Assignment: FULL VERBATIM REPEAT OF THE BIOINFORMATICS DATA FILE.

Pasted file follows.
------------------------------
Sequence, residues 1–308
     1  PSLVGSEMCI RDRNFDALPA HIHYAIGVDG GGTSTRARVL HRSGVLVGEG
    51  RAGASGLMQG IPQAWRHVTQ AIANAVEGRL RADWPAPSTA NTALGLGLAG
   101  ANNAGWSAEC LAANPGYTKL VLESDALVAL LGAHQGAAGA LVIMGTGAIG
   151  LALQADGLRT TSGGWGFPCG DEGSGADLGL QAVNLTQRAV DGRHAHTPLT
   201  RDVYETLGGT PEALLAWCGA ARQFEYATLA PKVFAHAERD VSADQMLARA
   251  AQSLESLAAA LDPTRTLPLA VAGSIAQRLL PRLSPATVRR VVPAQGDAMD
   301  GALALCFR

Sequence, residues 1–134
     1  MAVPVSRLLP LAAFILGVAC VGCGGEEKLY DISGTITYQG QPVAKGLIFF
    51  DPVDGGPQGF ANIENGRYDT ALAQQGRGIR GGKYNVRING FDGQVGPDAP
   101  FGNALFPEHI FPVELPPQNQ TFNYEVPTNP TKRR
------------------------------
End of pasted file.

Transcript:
Sequence, residues 1–308
     1  PSLVGSEMCI RDRNFDALPA HIHYAIGVDG GGTSTRARVL HRSGVLVGEG
    51  RAGASGLMQG IPQAWRHVTQ AIANAVEGRL RADWPAPSTA NTALGLGLAG
   101  ANNAGWSAEC LAANPGYTKL VLESDALVAL LGAHQGAAGA LVIMGTGAIG
   151  LALQADGLRT TSGGWGFPCG DEGSGADLGL QAVNLTQRAV DGRHAHTPLT
   201  RDVYETLGGT PEALLAWCGA ARQFEYATLA PKVFAHAERD VSADQMLARA
   251  AQSLESLAAA LDPTRTLPLA VAGSIAQRLL PRLSPATVRR VVPAQGDAMD
   301  GALALCFR

Sequence, residues 1–134
     1  MAVPVSRLLP LAAFILGVAC VGCGGEEKLY DISGTITYQG QPVAKGLIFF
    51  DPVDGGPQGF ANIENGRYDT ALAQQGRGIR GGKYNVRING FDGQVGPDAP
   101  FGNALFPEHI FPVELPPQNQ TFNYEVPTNP TKRR